As earnings loom, Nvidia options traders brace for monster share move

By Thomson Reuters Feb 15, 2024 | 1:34 PM

By Saqib Iqbal Ahmed

NEW YORK (Reuters) – Traders in the U.S. equity options market are betting Nvidia’s upcoming earnings report could spur a massive move in the shares of the world’s most dominant artificial intelligence chipmaker.

Nvidia, up about 50% this year, could see its shares swing by about 11% in either direction following its quarterly results on Feb. 21, according to data from options analytics service ORATS. That’s the largest expected move options traders have priced in ahead of Nvidia’s earnings over the last three years and well above the stock’s actual average earnings move of 6.7% over that period, ORATS founder Matt Amberson said.

With Nvidia’s market capitalization at $1.8 trillion, a move of that size would make for a potential swing in market value of about $200 billion. That would be greater than the market capitalization of chipmaker Intel Corp and larger than the respective market values of about 90% of S&P 500 constituents.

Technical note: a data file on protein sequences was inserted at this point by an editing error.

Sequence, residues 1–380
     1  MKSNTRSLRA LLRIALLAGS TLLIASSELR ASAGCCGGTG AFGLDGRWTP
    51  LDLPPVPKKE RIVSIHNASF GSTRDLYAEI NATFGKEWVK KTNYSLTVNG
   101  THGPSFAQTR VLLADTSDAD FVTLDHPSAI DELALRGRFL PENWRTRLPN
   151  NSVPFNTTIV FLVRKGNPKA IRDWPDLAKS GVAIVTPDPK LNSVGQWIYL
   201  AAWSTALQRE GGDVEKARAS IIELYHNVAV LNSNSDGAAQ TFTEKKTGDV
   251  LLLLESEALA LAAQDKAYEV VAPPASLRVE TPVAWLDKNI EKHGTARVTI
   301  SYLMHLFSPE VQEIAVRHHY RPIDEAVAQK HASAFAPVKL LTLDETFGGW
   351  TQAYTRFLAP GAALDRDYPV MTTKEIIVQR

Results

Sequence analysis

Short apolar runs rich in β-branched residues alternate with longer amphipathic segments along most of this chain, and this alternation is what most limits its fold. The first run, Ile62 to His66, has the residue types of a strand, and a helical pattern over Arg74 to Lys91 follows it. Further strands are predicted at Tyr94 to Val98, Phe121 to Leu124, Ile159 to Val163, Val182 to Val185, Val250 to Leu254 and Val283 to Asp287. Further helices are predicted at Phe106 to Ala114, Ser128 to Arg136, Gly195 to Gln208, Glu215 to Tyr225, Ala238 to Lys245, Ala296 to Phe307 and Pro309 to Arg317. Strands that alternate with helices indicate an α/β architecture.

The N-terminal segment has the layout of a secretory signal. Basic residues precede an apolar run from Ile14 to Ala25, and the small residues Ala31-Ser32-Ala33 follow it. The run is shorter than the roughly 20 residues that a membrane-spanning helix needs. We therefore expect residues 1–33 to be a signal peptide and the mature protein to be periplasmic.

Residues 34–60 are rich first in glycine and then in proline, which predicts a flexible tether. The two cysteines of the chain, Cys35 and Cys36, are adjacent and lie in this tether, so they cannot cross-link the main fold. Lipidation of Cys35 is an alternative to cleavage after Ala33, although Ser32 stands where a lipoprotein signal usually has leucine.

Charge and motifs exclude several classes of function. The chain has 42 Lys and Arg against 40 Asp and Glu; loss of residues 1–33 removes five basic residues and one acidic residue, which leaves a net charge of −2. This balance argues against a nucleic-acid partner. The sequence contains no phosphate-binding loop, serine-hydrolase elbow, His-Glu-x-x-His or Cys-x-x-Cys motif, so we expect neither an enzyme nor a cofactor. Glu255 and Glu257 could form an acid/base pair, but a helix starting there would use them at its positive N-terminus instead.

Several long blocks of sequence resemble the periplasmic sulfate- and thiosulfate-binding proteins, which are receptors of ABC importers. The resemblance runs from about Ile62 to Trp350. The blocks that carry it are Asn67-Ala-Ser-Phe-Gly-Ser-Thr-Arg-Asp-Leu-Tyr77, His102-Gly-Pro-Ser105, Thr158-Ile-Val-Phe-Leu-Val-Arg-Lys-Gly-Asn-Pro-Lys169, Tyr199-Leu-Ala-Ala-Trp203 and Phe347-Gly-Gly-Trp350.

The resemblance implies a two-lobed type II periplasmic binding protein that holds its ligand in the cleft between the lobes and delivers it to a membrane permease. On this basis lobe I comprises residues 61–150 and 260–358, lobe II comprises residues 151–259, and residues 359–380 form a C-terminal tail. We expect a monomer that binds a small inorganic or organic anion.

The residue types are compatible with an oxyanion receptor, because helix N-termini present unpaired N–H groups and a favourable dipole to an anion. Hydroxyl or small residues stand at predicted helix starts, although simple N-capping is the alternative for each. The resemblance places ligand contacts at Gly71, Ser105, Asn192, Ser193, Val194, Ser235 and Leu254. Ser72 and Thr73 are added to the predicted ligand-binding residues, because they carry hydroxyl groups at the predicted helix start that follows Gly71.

On Thursday, more than 750,000 Nvidia options had changed hands by 1 p.m. (1800 GMT), making it the second most actively traded single stock name in the options market.

Despite the sizeable run-up in the stock, demand for upside options bets on Nvidia remained intact, with one measure of sentiment – the stock’s 90-day 25 delta call skew – near a five- year high, according to a Susquehanna analysis.

“The elevated call skew tells us that investors still see the potential for significant upside despite the move already made and that there is significant demand for upside exposure as some who may be fearful of the high volatility turn to upside calls for lower-risk exposure,” Christopher Jacobson, a strategist at Susquehanna Financial Group, said.

On Wednesday, Nvidia overtook Google-parent Alphabet as the third most valuable U.S. company.

Nvidia is expected to post earnings of $4.56 a share, and a rise in quarterly revenue to $20.378 billion from $6.05 billion a year ago, according to the mean estimate from 33 analysts, based on LSEG data.

(Reporting by Saqib Iqbal Ahmed; Editing by Ira Iosebashvili and Leslie Adler)